2) While I agree that Lieberman himself does not have to justify his personal views, as a politician his job is to represent the views of his constituents. Presumably he's a a senator because most of the voters in his district share enough of his views but if they all felt strongly enough about something he differed with, he might have to vote against his conscience in favour of his constituents' desires.

3) Lieberman is not Orthodox. He may have a very traditional background, he may keep kosher and Shabbos to an extent but during the 2000 campaign he proved he was not officially Orthodoxy. Whether is was attending a lunch meeting on Tisha B'Av or sharing an aliyah with his daughter at a Reform temple, he proved over and over that while he is sympathetic to Judaism, he isn't prepared to be completely inconvenienced by it.

Izgad said...

Since we are not living in a biblical theocracy, we have no ability to punish, just to socially condemn. As such pork and gay sex are in practice at the same level.

What goes on between Lieberman and his constituents is a private matter for them. If the people of Connecticut object to Lieberman’s porkophobic ways they are free to vote him out of office. Maybe the cattle interests in that State think a pig hating Orthodox Jew is the perfect person to represent their interests. The Supreme Court, though, cannot get in the way and tell Lieberman not to discriminate against pig.

I am not saying that Lieberman is a model Orthodox Jew or that he is not willing to make certain compromises when it suits him. He is an Orthodox Jew by virtue of the fact that he is a member of an Orthodox synagogue and actively identifies himself with the Orthodox movement. (Yes one can be a non-observant Orthodox Jew.)

Clarissa said...

This post is super funny. You could deliver it at a stand up comedy club to great acclaim. I laughed so hard, I almost hurt myself. :-) :-)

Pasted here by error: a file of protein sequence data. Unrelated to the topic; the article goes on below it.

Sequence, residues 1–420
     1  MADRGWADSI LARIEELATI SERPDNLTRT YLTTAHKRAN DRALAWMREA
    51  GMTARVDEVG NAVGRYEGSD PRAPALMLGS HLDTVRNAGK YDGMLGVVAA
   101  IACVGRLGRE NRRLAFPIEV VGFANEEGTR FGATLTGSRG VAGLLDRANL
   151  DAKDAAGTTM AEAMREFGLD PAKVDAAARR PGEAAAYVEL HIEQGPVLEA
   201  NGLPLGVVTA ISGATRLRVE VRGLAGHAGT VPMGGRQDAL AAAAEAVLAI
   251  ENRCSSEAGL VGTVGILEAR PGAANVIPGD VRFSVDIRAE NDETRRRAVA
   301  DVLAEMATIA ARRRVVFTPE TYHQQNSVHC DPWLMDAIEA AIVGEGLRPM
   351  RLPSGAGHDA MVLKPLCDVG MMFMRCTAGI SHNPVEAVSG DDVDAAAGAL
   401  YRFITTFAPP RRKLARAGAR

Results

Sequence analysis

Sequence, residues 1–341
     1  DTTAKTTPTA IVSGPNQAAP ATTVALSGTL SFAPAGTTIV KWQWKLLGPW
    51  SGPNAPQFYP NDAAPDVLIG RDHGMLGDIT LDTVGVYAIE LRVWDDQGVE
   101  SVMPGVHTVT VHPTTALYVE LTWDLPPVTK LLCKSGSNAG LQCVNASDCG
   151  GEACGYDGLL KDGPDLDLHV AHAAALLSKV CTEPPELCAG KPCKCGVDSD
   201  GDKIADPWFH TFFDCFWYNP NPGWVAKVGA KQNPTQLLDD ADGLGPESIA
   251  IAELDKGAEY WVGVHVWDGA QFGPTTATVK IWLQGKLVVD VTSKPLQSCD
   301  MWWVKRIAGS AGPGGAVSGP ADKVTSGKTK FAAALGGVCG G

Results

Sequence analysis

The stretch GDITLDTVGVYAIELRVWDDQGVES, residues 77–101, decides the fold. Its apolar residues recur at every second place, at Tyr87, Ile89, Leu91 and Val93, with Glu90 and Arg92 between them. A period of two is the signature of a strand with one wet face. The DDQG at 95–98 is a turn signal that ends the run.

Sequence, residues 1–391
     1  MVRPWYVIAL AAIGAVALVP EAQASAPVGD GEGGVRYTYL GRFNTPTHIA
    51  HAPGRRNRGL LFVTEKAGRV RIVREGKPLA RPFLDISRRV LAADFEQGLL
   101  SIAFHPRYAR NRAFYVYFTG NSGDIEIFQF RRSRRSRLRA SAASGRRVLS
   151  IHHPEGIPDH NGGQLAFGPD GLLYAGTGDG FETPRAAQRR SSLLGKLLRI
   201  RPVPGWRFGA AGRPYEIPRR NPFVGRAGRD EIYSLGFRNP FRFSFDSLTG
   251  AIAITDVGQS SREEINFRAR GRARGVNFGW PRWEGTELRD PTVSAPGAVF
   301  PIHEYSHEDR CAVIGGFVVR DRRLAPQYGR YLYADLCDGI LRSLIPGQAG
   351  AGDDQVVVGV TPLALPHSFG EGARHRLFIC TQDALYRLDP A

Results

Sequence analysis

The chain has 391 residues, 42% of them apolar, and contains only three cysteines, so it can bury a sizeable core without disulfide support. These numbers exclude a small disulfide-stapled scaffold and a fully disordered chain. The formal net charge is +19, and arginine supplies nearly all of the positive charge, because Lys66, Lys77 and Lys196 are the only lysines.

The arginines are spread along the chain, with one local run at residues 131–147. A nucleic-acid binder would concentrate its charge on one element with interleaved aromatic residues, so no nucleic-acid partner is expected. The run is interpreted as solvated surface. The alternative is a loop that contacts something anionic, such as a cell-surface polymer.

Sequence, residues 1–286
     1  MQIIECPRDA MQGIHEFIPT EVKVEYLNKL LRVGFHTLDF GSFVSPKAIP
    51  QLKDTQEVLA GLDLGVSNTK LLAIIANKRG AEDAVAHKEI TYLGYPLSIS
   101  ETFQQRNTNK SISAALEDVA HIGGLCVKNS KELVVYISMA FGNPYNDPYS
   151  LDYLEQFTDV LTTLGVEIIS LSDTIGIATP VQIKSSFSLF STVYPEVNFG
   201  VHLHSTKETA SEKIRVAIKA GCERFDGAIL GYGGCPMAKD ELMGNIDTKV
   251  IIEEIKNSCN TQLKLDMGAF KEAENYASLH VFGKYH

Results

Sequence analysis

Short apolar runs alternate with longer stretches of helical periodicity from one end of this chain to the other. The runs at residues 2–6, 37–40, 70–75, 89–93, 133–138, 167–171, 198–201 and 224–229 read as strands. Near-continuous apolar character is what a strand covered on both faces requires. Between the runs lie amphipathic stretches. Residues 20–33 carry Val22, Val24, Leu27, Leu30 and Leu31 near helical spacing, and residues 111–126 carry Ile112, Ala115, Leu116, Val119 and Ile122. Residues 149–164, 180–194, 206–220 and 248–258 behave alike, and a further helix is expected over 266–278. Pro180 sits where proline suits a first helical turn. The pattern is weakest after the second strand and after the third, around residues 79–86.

And they say historians are boring... ;-)

Chris said...

I think that for Joseph Lieberman to ban pork for religious reasons would be an abuse of power and an establishment of religion, and I would consider such a move politically illegitimate. I might let it slide, because it's not a big deal to me. But as I argued in a previous thread, it would be a quite different matter if eating pork was a religious obligation for some other group. Then Lieberman would be arbitrarily infringing not only on other people's pursuit of happiness, but also on their freedom of religious practice. This is the situation with gay marriage.

Izgad said...

We are not talking about banning pork, just banning pork in government buildings. There are no religions that demand that you eat pork in a government building. The limit on this is when some court decides that Lieberman is conspiring to convert people to Judaism. As long as Lieberman just wants to ban pork for the fun of it he is ok.

Chris said...

Ben, banning pork in government buildings is sufficiently trivial that I don't think anyone would complain (although we could certainly still raise questions about the legitimacy of his rationale in doing so). But say that, for the sake of not offending our Jewish public servants, we all forgo pork on government premises. How is that even remotely comparable to endorsing one religion's concept of the marriage covenant of over against another's? I can't believe that the guy who's all for porno theaters and Aryan coffee shops is willing to countenance sectarian control over the shape of important cultural institutions.

Izgad said...

Chris

Obviously I have no interest in keeping pigs or gay couples out of federal buildings. In the case of gay marriage we are once again playing a societal validation game. If traditional society wishes to thumb their noses at gay couples by making sure that traditional marriages are validated with pieces of paper signed by the government while denying same-sex couples the ability to be validated by a similar piece of paper that is their right. Just because the government gives a tax break for one style of lifestyle choices it does not mean that they have to give tax breaks to another.

Personally I would support the ending of government endorsed marriage. Do whatever you want in your church or synagogue and call it whatever you want. Instead the government would allow tax breaks and hospital privileges for you and one significant other.